“The pandemic has certainly increased awareness of mental health issues or mental health experiences. Some students and some staff have had a great increase in their anxiety or stress reaction,” said Leeanne Timko, director of learning services and diverse learning at CCSD.

She says the most notable increase has been for behavioural assessments of kindergarten and Grade 1 students.

“We’re attributing a bit of that to the fact that … they might not have come to school for kindergarten or they were maybe not in preschool prior to.”

Psychologist wait lists

Both school boards say that once a need is identified, it can take up to a few weeks — sometimes longer — for a student to see a psychologist.

“We’re at about a two-week wait before a case manager can start to engage with our students and our families,” said Timko. “But there might be a greater delay, depending on the complexity of that issue.”

Wilkes, who also works as a professor at the University of Calgary’s Cumming School of Medicine, says he thinks there is a solution to overwhelmed emergency rooms.

“We need more resources available, and I’m really going to strongly advise that we need to get our school mental health system back in place,” he said.

Leeanne Timko, director of learning services, says the school district has seen a 17 per cent increase in requests for mental health services. (Lucie Edwardson/CBC News)

“I think that was not a wise decision to remove that service, which provides timely counselling and advice on how to manage stress for these children who first showed their problems at school rather than at home.”

Wilkes said it’s not fair to expect school-based psychologists to take on this increasing load, arguing AHS partnerships need to be restored.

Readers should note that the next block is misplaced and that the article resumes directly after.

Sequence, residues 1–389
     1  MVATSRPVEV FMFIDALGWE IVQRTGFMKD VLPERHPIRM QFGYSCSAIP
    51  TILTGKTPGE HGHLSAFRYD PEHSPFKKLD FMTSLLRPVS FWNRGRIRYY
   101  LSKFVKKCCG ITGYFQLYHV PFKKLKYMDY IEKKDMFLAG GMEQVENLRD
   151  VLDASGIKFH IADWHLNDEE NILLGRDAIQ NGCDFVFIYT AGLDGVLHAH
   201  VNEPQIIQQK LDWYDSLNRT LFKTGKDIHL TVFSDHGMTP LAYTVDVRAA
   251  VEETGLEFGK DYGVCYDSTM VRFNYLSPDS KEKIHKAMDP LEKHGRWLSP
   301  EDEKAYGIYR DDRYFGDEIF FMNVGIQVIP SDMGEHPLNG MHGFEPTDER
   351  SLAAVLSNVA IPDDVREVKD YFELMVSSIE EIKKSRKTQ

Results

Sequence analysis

“One of the major problems in mental health is been a siloed system. When you work with partners … in a place like a school or child welfare service, you have a lot of indirect education about how those services operate and you facilitate appropriate referrals in those settings,” he said. 

“That’s been a policy I’ve advocated over the years, is to collaborate, avoid having these pockets of isolated services and to try and build capacity, as well as provide direct service care…. The feedback hasn’t gone very far at this point.”

Alberta Education says boards should use funds strategically

Alberta Education says school authorities have the flexibility to make local decisions to best meet the needs of their students and staff, including decisions regarding mental health programming, staffing and resources. 

In budget 2021, Alberta Education says it allocated $556 million to the SLS grant, which supports access to mental health professionals and behavioural consultants, among other things.

“Alberta Education expects school authorities to continue to use resources strategically as they navigate changes to the new funding model, ensuring resources are responsive to their current local context and identified needs,” said press secretary Nicole Sparrow.

“Alberta Education will continue to examine the funding under the Specialized Learning Support grant in order to ensure that our most vulnerable students and children are supported.”

If you would like to share your experiences with Calgary’s youth mental health system please email:

If you or someone you love is struggling, AHS recommends the following resources: